Husband and wife Rhynie and Mark Cawood took a gamble when they started their niche printed fabric and wallpaper business. But it’s paid off and Publisher Textiles recently took home the prestigious award for NSW Telstra Business of the Year.
Publisher Textiles began in 2002, melding the textile and fashion design and printing talents of owners Rhynie and Mark. The business started small and direct from a rented corner in a friend’s factory. They created original printed fabrics and garments during the week and sold them at Sydney market stalls over the weekend. Commissions from Sydney designers Akira Isagowa and Nicola Finetti followed and the rest, as they say, is history.
Today, clients can select from a range of distinctive designs and textile products or commission customised artwork to be turned into signature fabrics or wall coverings. Publisher’s success and reputation is built on artistic originality, quality and flare, integrity and unmatched technical expertise. Rhynie and Mark employ just two printers and pride themselves on their personal approach. We caught up with Rhynie, 34, to find out their story so far.
DB: Why did you choose this particular business?
RC: No one could understand why we’d get into something so obscure and niche, but it was only out of pure necessity that we started our business. If we wanted to have our designs sustainably produced to a high quality, we would have to do it ourselves. Because of our extensive experience and knowledge of the production, together with a desire to create, it was obvious we would someday start our own textile and wallpaper print studio.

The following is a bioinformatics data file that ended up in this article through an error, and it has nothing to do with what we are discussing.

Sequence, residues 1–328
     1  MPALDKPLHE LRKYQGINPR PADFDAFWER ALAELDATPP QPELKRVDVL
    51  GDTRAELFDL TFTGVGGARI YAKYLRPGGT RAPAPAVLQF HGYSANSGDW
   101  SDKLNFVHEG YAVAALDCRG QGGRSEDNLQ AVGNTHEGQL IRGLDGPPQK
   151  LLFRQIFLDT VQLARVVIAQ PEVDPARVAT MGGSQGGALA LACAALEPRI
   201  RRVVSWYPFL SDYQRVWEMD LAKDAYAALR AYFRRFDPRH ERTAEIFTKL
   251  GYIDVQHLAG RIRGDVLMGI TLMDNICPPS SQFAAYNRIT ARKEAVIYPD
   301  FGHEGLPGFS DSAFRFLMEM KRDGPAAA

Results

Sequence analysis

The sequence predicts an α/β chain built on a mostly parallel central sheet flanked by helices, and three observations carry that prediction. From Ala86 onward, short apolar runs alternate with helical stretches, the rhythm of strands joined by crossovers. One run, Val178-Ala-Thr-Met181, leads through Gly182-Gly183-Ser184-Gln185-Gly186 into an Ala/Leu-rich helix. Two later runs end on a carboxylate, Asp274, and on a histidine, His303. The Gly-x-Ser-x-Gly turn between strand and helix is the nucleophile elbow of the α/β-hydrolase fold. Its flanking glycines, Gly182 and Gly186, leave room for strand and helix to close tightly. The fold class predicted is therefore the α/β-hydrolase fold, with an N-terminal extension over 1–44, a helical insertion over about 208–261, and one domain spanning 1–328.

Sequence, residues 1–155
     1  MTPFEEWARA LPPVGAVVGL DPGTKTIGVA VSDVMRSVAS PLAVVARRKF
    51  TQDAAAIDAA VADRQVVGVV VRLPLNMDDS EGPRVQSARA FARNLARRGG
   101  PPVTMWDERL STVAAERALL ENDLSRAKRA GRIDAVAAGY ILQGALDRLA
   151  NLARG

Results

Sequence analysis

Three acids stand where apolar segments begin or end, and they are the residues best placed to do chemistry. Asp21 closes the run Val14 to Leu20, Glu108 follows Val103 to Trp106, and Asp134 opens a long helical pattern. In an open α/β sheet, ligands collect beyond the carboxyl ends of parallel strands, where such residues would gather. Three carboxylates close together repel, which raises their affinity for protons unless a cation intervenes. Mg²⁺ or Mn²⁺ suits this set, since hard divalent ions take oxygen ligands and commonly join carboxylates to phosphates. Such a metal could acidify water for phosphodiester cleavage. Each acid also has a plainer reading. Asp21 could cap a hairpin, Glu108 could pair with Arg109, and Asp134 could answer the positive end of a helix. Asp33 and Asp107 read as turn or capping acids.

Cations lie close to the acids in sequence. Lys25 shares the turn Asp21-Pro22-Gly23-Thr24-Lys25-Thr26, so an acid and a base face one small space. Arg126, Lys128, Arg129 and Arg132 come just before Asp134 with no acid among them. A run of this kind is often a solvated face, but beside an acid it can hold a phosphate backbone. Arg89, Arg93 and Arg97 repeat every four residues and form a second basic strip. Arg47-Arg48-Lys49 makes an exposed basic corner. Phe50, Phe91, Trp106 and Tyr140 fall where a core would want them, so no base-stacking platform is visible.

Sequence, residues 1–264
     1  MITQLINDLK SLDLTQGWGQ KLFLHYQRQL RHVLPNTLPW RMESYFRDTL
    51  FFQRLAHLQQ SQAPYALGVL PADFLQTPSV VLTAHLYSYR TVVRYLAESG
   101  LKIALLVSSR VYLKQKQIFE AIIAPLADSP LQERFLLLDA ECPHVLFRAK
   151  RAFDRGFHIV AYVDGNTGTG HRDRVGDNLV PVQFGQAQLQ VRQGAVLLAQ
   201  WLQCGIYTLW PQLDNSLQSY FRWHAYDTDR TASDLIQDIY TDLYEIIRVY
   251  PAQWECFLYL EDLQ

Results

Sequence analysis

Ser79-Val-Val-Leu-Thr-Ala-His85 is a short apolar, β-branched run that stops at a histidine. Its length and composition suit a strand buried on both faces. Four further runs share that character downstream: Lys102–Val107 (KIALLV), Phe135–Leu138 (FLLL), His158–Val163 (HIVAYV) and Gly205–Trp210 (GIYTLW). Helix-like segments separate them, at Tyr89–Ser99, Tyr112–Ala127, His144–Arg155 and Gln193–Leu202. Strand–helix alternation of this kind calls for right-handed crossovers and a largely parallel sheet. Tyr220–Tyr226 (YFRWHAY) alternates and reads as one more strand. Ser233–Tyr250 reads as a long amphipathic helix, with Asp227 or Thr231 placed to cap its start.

DB: What have the biggest challenges been?
RC: Starting a highly specialised niche business was never going to be easy but we weren’t prepared for the lack of knowledge and resources in Australia, due to the massive decline in textile and wallpaper production. It has been a huge hurdle sourcing high quality materials that are environmentally friendly and this has meant–in conjunction with our suppliers–researching and developing materials that are sustainable and suitable for our processes. This has actually put us in front as industry professionals, and we have helped colleges and universities set up their own operations.
DB: What’s your biggest business achievement?
RC: I think our greatest achievement before winning the Telstra Business Award was the recognition we received for the bespoke wallpapers we created for Ruby Rabbit, and Neil Perry’s Rockpool restaurant, which gave us a reputation and the opportunity to be the only Australians in two UK design books.
Personally, we struggle to conform to the mould that measures success purely financially because we find the value of self-growth and fulfilment to be greater and always strive to be better. However, a strong healthy business is a formidable force that can be used to drive a range of ambitions, dreams and projects. A recent collaboration with the Babbarra Women’s Centre in Darwin has empowered an indigenous community to create their own business. We translated their artwork into textile designs, which they have been selling to better their community. If our business is the catalyst for other groups to build and grow their own ventures, we feel successful.